Feature

Obama: Will the economy sink his re-election?

Economic reports show that the recovery has stalled. No president has been re-elected with unemployment above 8 percent since FDR.

Osama bin who? said Zachary Goldfarb in The Washington Post. Only a month ago, there was speculation that by killing Osama bin Laden, Barack Obama had just guaranteed himself a second term in office. But last week, a series of grim economic reports put an end to “any notion that President Obama’s re-election campaign was gaining momentum.” More than a year into a supposed “recovery,” house prices continue to be in free fall nationwide. The monthly employment report showed the recovery stalling, with a measly 54,000 jobs added in May and the unemployment rate edging back up to 9.1 percent. “Time is running out for the White House,” said Andrew Leonard in Salon.com. No president has been re-elected with unemployment above 8 percent since FDR, and if the public perceives the economy as stuck in the doldrums—or, worse yet, sliding back into a second recession—Obama could easily suffer the fate of Jimmy Carter in 1980 or George H.W. Bush in 1992.

Obama’s defenders say he inherited the economic crisis from President Bush, said Peggy Noonan in The Wall Street Journal, and they’re right. Obama took office amid a financial crisis, with the nation weighed down by ballooning debts and deficits, and at a time of unprecedented political dysfunction in Washington. “These things weren’t his fault. But through his decisions, he made them all worse.” His emotional distance and ill-concealed contempt for Republicans undermined any attempts at negotiation and compromise, and the $800 billion he threw at a stimulus program failed to jump-start the economy, while deepening the deficit. It’s little wonder that only 41 percent of voters approve of his economic stewardship, and that his overall job-approval rating has slid back down to 47 percent. The 2012 Republican campaign will consist of four devastating words: “He made it worse.” That’s really “beyond dispute,” said Fred Barnes in The Weekly Standard. As a Big Government liberal, Obama knows nothing “about what stirs the economy and produces jobs and growth.” If Republicans keep reminding voters of that fact, “they’ll oust him and win big in 2012.”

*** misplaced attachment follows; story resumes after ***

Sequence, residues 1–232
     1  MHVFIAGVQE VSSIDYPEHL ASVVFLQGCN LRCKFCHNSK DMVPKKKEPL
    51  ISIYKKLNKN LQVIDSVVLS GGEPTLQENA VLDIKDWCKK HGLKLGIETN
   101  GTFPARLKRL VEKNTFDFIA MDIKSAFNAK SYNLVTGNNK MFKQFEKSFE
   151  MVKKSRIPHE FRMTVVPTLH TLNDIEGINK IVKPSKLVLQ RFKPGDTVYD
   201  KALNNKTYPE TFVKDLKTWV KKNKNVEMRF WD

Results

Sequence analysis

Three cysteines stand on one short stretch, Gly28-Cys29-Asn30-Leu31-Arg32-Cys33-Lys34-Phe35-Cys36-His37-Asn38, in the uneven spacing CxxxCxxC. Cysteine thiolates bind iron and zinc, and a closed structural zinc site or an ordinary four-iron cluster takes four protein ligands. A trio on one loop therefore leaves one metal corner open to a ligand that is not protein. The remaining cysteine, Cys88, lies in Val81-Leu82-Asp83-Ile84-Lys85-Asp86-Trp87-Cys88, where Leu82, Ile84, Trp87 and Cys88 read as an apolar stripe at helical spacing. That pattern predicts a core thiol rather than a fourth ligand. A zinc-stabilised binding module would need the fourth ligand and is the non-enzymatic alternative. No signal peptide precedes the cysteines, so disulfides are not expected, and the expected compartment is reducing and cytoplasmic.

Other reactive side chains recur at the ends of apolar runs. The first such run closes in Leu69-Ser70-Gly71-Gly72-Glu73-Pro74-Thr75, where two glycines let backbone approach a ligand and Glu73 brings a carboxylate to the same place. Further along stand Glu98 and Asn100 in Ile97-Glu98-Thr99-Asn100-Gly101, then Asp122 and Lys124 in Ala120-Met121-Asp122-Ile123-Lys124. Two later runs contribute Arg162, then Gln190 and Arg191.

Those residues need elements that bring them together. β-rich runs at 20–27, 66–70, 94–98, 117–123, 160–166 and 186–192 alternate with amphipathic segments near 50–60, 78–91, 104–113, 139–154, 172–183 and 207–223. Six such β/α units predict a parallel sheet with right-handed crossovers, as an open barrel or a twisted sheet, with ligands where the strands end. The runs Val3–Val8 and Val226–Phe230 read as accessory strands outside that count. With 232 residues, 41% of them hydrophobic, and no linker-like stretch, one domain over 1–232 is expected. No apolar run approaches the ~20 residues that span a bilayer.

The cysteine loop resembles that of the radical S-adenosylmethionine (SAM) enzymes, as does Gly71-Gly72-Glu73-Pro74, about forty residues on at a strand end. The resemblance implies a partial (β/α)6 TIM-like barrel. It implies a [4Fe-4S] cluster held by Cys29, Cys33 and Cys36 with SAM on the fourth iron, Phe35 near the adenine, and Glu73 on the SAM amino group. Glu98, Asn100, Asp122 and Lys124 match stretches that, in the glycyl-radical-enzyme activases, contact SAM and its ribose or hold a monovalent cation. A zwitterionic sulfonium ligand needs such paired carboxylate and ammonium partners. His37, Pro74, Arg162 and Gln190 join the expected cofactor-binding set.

To beat him, Republicans need a credible candidate, said Peter Beinart in TheDailyBeast.com. Polls show a surprising reservoir of good feeling toward Obama; a majority of voters like him personally and consider him “a strong leader,” which is why his job-approval numbers remain decent in the face of dreary economic news. Barring a double-dip recession, he’s still likely to win, thanks to the GOP’s “field of substantially flawed candidates,” from the wooden, flip-flopping Mitt Romney to Tea Party favorites Michele Bachmann and Herman Cain, who would terrify independents. Ronald Reagan, remember, won re-election in 1984 with unemployment at 7.4 percent, because he convinced voters that “the worst was over and prosperity was about to return.”

Yes, but counting on the public’s “patience and forbearance” isn’t a winning strategy, said Dan Balz in The Washington Post. Voters are feeling real pain and uncertainty, and even if they don’t explicitly blame Obama for the loss of their homes, or their jobs, they want something done about it. As elections draw near, said statistician Nate Silver in NYTimes.com, voters’ views of their own fortunes and the president’s performance become “one and the same.” If in the fall of 2012 the economy still looks bleak, Republicans will torture Obama with the question Reagan asked voters just before he upset Carter: “Are you better off than you were four years ago?”

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